Couple accused of starving daughter plead not guilty
SEATTLE (Reuters) - A couple accused of starving their adopted 13-year-old Ethiopian-born daughter and locking her outside in the cold, where she died from exposure, pleaded not guilty on Thursday to homicide and child abuse charges.
Although investigators found the Washington state couple adhered to a harsh child-rearing regimen prescribed by a controversial Christian parenting book, the prosecutor said Thursday that religion was not relevant to the criminal case.
Larry and Carri Williams, of Sedro-Woolley -- a town about halfway between Seattle and Vancouver, British Columbia -- were arrested September 29, more than four months after their daughter, Hana, died of hypothermia in their backyard.
A Skagit County Superior Court judge reduced their bail from $500,000 to $150,000 each on Thursday, and barred them from contact with their eight remaining children, who were placed into foster care in July, or with each other.
Each is charged with homicide by abuse in connection with their daughter's death, and first-degree assault of a child stemming from mistreatment of her adopted 10-year-old brother from Ethiopia.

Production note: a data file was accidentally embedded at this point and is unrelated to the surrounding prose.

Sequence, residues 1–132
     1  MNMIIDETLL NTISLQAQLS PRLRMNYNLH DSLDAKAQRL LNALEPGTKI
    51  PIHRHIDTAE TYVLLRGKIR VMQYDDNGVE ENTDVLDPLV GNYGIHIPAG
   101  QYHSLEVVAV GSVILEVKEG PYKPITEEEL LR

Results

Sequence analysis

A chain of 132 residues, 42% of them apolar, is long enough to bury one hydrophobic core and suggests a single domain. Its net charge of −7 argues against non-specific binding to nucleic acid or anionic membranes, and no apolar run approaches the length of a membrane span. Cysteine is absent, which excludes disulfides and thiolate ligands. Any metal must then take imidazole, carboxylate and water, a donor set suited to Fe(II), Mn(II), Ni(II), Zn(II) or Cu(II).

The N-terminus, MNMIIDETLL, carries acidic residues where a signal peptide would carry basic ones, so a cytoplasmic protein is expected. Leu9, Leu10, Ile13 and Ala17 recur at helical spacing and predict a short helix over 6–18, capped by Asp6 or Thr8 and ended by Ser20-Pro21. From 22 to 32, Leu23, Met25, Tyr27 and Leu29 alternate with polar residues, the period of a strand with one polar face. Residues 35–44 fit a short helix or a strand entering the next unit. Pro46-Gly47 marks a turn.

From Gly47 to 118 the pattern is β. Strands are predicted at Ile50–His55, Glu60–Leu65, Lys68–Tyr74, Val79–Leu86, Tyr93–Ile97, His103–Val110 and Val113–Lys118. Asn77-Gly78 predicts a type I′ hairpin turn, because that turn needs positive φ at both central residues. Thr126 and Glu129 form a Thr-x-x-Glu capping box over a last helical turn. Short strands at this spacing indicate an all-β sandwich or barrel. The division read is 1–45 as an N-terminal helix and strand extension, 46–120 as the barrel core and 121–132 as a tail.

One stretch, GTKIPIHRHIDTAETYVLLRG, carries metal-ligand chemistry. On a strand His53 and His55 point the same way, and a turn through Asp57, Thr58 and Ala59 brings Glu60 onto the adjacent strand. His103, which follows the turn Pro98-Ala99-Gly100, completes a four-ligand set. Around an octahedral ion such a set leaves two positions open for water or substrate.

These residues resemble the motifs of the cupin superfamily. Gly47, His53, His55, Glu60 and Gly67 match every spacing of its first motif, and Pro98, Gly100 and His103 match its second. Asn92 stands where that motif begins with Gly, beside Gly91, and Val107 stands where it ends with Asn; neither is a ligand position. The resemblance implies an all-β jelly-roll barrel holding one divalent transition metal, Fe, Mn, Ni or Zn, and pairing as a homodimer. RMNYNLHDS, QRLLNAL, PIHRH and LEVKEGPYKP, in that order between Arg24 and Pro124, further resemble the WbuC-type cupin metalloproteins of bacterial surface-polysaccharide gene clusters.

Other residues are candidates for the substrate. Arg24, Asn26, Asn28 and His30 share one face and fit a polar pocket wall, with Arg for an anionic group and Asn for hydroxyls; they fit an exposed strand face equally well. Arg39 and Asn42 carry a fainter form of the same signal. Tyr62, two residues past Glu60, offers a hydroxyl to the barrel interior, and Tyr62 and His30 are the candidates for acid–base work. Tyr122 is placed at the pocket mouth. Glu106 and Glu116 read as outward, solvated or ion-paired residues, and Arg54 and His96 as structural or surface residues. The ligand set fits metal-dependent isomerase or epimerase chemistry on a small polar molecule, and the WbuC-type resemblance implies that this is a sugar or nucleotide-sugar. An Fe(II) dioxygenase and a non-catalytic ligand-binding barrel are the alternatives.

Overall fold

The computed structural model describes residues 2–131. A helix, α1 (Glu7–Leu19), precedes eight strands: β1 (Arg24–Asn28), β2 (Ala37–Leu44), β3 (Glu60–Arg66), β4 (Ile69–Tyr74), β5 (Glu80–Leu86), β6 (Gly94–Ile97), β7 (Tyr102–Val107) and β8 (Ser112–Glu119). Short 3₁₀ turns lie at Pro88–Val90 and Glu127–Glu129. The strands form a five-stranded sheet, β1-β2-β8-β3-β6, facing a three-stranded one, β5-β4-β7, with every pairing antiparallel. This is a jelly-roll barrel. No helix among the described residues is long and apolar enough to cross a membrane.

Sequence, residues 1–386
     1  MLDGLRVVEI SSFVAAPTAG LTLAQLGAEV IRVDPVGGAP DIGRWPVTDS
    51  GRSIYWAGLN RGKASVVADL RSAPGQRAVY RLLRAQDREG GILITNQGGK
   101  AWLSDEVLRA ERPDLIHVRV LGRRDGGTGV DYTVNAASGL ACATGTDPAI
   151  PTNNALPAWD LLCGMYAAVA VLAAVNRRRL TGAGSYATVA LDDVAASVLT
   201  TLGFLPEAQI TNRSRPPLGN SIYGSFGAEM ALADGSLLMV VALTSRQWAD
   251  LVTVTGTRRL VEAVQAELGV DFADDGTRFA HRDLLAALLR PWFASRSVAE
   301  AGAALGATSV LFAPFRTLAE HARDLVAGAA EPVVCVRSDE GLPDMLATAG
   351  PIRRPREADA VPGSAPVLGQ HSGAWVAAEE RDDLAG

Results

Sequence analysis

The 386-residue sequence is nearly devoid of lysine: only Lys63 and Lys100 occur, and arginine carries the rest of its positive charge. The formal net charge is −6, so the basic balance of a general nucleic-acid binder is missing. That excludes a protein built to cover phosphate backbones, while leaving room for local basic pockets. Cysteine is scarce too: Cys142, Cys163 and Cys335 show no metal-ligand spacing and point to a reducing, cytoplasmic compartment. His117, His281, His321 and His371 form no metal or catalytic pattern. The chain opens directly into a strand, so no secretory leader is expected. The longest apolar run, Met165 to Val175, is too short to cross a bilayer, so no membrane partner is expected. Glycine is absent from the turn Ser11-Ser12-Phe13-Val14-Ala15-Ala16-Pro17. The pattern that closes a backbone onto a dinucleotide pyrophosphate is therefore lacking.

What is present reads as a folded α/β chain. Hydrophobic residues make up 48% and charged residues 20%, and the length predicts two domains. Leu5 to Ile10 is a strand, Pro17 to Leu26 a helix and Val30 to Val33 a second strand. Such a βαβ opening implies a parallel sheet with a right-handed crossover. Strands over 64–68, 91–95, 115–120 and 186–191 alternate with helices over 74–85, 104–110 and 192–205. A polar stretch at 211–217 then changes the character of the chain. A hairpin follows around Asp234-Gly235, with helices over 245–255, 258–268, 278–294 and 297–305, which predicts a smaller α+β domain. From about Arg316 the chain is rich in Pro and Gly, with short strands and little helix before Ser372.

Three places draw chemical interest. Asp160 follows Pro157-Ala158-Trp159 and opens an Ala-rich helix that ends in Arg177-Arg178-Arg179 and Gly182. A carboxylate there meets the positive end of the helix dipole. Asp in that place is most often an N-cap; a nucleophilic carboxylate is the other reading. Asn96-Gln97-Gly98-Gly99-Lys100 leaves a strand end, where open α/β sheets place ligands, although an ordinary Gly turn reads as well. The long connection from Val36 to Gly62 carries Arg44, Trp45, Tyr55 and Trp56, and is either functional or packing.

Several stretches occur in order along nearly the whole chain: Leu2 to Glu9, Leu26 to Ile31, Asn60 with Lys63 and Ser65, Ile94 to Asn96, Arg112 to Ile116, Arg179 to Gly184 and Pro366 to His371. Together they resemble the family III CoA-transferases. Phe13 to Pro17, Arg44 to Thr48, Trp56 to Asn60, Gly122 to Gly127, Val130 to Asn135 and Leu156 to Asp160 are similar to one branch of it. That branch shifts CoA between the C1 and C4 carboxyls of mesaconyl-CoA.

If convicted each faces a prison term of between 20 and 29 years, according to state sentencing guidelines.
Hana Williams, adopted from Ethiopia by the couple in 2008, died on May 12 after she was found unconscious outside shortly after midnight, in temperatures hovering around 40 degrees, authorities said.
Investigators say the abuse she endured included beatings, starvation, being forced to sleep outside and use an outdoor toilet, and that she had lost a significant amount of weight since her adoption. Prosecutors said the 10-year-old brother was similarly mistreated.
The parents kept the family isolated from non-relatives, home-schooled the children and followed strict religious principles described in the Christian parenting book titled "To Train Up a Child," investigators said.
According to court documents, their 16-year-old son told investigators that Hana "was kept in a locked closet and the only light switch was on the outside of the closet. He stated that his mother would take her out every other day to walk and exercise. They played the Bible on tape and Christian music for her while she was locked in the closet."
But Prosecutor Rich Weyrich insisted that issues of faith were not a factor in the case against the couple. "Religion's not an element we have to probe. We have to prove that the children were assaulted, tortured and died," he told Reuters on Thurday.
Larry Williams, 47, who works for Boeing, and his wife, Carri, 40, a stay-at-home mother, were being held in Skagit County Jail.
(Editing by Steve Gorman and Greg McCune)
Corrects book title in 9th paragraph
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